Attribute Substitutions

Copying and swapping attributes among lights that share scalar properties like Position and Zoom is only the tip of the iceberg when using Natural Language Control. The real power of Natural Language Control can be seen when you start using similar, but not identical attributes and how Natural Language Control works with them. Color is a great example. There are three primary automated color systems in use today; Subtractive Color Systems like CMY, Additive Color Systems like RGB (or RGBA etc.)  and Fixed Color Systems that use gel (like scrollers) or dichroic glass (like color wheels). Natural Language Control works with any combination of these three and make intelligent substitutions between them if required.


The proliferation of LED lighting has made common the RGB color space of additive color mixing. With the three primary colors you can mix them to make white or each at various levels to make colors.


More recently manufactures are using more than red, green and blue to achieve 'better' whites by adding either white or amber LEDs. We'll discuss what to do with these later on. In contrast, traditional stage lighting starts with white light and, by various mechanisms, color filters are placed in the path of the light to subtract out different wavelengths. By introducing varying amounts of filtration, a variety of colors can be produced.


Either way (additive or subtractive), the concept is to mix various colors to achieve the desired results. You can easily work with RGB and CMY simultaneously, referencing either or both in any base color space. If you copy those base color attributes to a light that doesn't have color mixing abilities, but instead has a color wheel, a suitable substitution will be made. Since the Natural Language Control Fixture Library stores a lot more data than just the name of a color, mathematical matching can be done. For example, with the color mix below on the left copied to a light which has a color wheel as shown, Slot 5 would be chosen.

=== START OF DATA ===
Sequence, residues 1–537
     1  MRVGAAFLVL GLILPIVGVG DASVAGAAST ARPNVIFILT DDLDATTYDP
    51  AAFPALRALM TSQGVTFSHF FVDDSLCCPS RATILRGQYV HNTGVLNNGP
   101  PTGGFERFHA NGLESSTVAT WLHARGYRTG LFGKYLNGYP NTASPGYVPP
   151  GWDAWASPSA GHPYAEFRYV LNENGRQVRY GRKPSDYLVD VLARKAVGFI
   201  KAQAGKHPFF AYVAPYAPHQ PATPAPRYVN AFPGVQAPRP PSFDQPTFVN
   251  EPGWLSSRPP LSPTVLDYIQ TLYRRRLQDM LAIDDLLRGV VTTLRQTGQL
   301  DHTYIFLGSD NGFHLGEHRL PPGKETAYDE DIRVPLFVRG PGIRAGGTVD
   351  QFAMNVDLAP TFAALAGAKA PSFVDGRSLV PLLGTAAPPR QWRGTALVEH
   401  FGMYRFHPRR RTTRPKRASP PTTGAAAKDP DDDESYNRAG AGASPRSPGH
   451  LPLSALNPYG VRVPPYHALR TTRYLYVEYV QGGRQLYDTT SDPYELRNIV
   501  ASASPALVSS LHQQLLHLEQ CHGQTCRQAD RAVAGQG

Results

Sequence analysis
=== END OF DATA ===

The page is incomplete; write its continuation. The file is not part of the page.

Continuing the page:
By the way, the color value is not stored as Slot 5, it is stored as "Yellow" so that if it's ever applied to a different light with a different wheel (or mixing system), it would produce the correct or near correct color again.


Gobos are also problematic when using stock fixtures. Different lights use different numbers and types of gobos. If you're touring with Cognito but not with your own lights and you travel from one venue on Thursday to a different venue on Saturday, Natural Language Control can greatly reduce the amount of work needed during Saturday's focus session. Here the cues are written such that Cue 1 uses a Pinwheel gobo and Cue 2 a cloud breakup. On Thursday's rig Cue 1 would use Slot 3 and Cue 2 would fade to Slot 5. As the cues are written and stored based on what comes out of the light, not what protocol (bits and bytes) the light is expecting, we know what Cue 1 is supposed to look like. That is why on Saturday night, Cognito would produce DMX512 values to move this venue's lights to Slot 8 and then to Slot 4.



Obviously Choreo has the same smarts as Cognito here, but the touring example doesn't really apply with an architectural example.


Next: Phantom Abstract Attributes